The View From A High Place

Every now and again on the journey of life, it’s like you come to a high place, and as you stand on the crest of that hill, the panorama of your life spreads before you in the low places, stretching 364 degrees. The only part you can’t see is the future, a narrow sliver of reality, an unknown entity that could be seventy seconds or seventy years long. And everything you see makes sense. You can see all the connections, all the causalities.

Tonight is the fifteenth anniversary of my first date with the man who became my husband. Maybe it’s tiresome—saccharine, even—to mark this date, but I always do.

Perhaps it was because the anniversary fell on choir night this year. As we stood before the group, running through announcements before dismissal, all of a sudden I couldn’t stop storytelling. But not about the date itself—about the night that he asked me out.

All Saints Day was a chilly day in 1995, but not bitter. I must have been stressed, because when I walked from the fine arts building over to the Newman Center, the sight of the sun sinking over run-down rental houses called me to sit on the steps and rest. I remember nothing about that sunset except that afterward, the knot of anxiety was gone …and that the entire time I sat there, I was wondering if Christian had arrived yet. We’d been in the choir together for a mere three weeks, and he was on my mind a lot.

When I went inside, it was still early, but he was there. The next thing I remember is that the choir was headed to the Heidelberg for dinner after Mass, and I debated not going; I didn’t really know the choir members yet, and they all enough older than me that I felt like that annoying kid that has to hang with the grownups. But I went…probably in the hopes that Christian would come, too. But he wasn’t there, and I sat at the end of the long table, with no one across from me. I tried to participate in conversation without being annoying. I ordered toasted ravioli and a salad. And just when I had given up all hope, he walked in the door at the far end of the room. And walked around the table. And sat down across from me.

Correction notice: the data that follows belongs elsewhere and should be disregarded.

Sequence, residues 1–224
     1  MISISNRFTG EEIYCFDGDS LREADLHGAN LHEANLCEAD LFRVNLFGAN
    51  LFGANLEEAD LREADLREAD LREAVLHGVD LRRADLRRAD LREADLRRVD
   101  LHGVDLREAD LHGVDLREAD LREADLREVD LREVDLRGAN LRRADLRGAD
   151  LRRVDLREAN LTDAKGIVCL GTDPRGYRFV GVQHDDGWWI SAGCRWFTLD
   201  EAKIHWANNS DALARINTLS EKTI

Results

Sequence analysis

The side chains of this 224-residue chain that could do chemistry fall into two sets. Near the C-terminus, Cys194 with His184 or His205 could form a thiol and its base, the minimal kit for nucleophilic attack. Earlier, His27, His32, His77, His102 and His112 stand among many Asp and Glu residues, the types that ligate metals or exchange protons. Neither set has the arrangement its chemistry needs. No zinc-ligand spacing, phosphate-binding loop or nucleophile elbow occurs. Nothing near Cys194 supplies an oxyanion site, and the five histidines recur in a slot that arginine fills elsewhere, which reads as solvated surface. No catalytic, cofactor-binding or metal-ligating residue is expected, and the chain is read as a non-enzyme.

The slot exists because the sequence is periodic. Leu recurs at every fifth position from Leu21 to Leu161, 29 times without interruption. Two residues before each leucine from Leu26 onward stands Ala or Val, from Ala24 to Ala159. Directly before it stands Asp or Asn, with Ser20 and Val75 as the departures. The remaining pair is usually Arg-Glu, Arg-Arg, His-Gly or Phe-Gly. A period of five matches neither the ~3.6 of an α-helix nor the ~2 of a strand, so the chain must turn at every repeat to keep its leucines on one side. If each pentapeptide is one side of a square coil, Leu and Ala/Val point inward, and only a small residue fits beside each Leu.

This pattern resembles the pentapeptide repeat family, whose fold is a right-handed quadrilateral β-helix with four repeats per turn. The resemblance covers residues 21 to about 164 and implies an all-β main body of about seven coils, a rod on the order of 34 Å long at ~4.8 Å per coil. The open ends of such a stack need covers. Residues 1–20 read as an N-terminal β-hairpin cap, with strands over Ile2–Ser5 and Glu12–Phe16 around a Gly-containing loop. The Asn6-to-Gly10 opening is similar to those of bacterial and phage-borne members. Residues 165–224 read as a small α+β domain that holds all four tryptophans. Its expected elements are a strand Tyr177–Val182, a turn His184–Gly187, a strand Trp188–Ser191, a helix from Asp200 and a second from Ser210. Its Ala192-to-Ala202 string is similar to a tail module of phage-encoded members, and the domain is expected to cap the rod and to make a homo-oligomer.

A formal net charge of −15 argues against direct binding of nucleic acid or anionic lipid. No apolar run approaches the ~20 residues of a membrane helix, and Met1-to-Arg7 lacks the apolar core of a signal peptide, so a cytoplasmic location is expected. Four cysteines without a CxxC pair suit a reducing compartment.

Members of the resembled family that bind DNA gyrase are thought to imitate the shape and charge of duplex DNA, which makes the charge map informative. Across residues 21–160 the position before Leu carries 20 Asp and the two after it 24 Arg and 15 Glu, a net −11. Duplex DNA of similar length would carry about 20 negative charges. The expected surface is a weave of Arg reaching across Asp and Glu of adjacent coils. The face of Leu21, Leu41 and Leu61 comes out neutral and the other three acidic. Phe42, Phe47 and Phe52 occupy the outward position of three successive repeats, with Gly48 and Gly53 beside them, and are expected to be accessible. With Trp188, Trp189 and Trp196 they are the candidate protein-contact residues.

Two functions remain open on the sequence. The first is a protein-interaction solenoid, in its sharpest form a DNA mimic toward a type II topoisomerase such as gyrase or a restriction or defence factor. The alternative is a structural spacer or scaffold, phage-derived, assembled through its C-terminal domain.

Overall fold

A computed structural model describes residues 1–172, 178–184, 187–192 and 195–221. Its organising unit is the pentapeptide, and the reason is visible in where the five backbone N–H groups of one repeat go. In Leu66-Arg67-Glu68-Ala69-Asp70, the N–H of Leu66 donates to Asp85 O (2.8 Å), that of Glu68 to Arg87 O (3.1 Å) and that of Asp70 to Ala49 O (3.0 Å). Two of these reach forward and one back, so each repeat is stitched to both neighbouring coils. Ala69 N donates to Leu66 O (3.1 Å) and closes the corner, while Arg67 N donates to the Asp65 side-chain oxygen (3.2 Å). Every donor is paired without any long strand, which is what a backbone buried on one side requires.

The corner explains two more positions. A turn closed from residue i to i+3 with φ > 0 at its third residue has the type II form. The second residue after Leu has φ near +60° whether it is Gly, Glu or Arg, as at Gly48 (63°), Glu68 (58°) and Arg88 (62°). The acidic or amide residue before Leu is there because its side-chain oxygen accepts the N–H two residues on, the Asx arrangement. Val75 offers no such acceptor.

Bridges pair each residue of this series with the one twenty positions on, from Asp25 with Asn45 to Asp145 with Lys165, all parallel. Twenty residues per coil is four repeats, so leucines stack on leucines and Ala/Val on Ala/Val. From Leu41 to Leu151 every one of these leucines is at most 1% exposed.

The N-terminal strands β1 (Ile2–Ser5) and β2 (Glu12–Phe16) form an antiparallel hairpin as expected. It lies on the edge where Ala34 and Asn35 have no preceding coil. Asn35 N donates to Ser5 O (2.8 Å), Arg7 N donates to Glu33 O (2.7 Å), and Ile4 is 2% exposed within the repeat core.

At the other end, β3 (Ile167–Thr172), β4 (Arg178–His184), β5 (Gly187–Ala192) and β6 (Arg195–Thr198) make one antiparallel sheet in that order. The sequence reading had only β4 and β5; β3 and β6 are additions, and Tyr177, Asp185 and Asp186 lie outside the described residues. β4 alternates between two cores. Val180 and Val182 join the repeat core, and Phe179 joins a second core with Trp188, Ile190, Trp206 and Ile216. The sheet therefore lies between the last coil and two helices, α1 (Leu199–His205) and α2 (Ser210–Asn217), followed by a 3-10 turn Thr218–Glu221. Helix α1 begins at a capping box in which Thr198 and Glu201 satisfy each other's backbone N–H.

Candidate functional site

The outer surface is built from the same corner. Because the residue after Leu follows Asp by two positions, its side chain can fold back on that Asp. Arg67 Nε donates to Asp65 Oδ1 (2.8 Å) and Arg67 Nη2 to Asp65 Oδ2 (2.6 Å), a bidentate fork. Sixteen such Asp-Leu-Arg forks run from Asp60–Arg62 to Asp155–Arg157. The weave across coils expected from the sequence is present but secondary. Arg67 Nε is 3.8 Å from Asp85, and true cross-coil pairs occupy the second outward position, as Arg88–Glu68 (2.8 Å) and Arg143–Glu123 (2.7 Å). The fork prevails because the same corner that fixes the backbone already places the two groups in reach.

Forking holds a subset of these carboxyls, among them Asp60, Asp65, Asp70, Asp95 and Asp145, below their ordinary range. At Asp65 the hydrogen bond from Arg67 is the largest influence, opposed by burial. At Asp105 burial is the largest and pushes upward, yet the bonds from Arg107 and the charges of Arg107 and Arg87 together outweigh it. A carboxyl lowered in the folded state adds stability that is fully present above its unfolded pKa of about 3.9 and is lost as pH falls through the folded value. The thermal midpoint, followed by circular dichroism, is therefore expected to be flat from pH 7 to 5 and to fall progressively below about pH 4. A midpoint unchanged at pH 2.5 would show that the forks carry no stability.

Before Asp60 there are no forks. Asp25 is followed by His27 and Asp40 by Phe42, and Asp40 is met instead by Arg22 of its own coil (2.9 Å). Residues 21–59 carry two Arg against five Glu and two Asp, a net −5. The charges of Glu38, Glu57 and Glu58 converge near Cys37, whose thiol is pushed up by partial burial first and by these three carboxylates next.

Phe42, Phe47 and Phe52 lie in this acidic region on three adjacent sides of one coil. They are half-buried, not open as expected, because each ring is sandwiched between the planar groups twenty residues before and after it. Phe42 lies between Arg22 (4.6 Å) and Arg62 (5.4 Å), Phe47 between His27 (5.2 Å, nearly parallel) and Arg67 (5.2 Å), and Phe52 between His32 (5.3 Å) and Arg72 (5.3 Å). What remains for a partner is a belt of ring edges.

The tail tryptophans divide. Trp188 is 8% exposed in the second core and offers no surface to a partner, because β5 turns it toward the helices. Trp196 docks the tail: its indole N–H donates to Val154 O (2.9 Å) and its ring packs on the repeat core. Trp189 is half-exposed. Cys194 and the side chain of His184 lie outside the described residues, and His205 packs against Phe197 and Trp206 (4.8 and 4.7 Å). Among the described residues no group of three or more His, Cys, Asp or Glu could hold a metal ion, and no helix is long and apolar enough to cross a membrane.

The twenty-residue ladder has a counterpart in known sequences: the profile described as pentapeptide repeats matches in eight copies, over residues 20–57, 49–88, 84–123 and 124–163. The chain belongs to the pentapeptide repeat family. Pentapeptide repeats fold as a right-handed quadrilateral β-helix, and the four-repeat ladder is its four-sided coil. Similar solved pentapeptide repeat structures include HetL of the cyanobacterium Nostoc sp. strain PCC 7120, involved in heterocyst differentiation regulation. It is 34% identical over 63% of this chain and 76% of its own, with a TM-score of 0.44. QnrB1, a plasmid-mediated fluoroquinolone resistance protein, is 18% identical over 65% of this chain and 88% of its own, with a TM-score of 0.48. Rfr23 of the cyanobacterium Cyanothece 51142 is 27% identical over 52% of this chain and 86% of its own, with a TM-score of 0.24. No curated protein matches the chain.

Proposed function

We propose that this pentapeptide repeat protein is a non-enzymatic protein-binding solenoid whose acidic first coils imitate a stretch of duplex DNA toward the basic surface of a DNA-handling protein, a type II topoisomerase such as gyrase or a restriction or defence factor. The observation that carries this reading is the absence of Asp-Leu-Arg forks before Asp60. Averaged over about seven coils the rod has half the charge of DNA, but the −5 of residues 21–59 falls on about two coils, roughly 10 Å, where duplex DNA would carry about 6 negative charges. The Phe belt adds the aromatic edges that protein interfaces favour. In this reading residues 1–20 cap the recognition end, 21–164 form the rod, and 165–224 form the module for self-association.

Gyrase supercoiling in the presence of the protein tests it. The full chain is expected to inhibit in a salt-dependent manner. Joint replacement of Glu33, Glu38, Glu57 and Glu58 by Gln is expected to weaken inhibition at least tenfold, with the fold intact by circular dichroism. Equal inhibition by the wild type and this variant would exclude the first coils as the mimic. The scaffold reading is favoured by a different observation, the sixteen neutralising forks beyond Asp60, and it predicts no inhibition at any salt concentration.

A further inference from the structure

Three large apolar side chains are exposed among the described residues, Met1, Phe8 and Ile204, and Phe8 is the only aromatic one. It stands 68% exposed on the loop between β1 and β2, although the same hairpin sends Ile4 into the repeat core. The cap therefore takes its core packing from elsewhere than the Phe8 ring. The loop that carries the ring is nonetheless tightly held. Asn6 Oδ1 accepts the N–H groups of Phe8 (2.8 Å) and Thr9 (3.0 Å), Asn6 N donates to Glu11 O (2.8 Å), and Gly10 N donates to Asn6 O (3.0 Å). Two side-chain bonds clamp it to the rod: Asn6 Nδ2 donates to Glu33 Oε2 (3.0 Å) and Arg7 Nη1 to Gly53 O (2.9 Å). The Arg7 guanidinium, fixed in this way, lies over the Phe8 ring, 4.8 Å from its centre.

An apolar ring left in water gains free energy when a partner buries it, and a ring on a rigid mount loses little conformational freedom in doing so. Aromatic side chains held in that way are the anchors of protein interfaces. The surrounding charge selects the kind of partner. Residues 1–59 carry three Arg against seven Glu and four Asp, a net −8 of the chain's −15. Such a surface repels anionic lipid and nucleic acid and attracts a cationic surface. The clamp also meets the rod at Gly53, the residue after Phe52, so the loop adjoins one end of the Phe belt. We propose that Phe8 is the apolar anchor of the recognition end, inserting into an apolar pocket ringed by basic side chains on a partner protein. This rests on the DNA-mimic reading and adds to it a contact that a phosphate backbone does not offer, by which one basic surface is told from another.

At some point in the next hour (forty minutes? Two hours? Time kind of disappeared)), I realized that he and I had retreated into our own little world. The rest of the choir shared conversation with each other, but we were oblivious. Afterward, he gave me a ride home in the dark, with a business card—the opening volley in the Game. I knew what needed to be done with it, but I had no idea how to phrase my interest gracefully.

From such beginnings…

Once the doors of memory are open, I start seeing other snippets of my past. The night when we walked from the Missouri Theater to Shakespeare’s for a late-night snack with my parents after a performance. (Me? Did I ever actually do things like that?) Walking downtown hand in hand on cold nights. Being out and about at eleven and midnight—hours we never, ever keep these days, even at New Year’s, because we prefer to be rested when the kids wake up. The little adjustments that happened automatically, like learning to drink water instead of soda, because it would be impolite to order something more expensive than Christian did. From my high vantage point, I can see the cogs interlocking, snapping into place like pieces of a puzzle. Despite the years of doubt and overwhelming anxiety that kept us from getting married for four years, we were two becoming one from the earliest days.

So much we didn’t know yet—so much contained in that sliver of the future which now is the past. Infertility, Down syndrome….all part of a shadowy future that we didn’t bother trying to penetrate. A shadowy future that now gleams jewel-bright, a handful of tiles among many.

But the hour grows late, and the clarity of late night gives way to exhaustion. And so I leave the past behind, return to my living room, my glider rocker and ottoman, the flowered sofa and the streetlight starburst on the far wall, and turn to face the sliver that is the future. I can’t penetrate its mists, and sometimes the thought of the future, with its rocks and slippery slopes, overwhelms me. But at least the view from the high place reminds me that all life is a mosaic, and that each piece offers its own fragment of the answers I will need.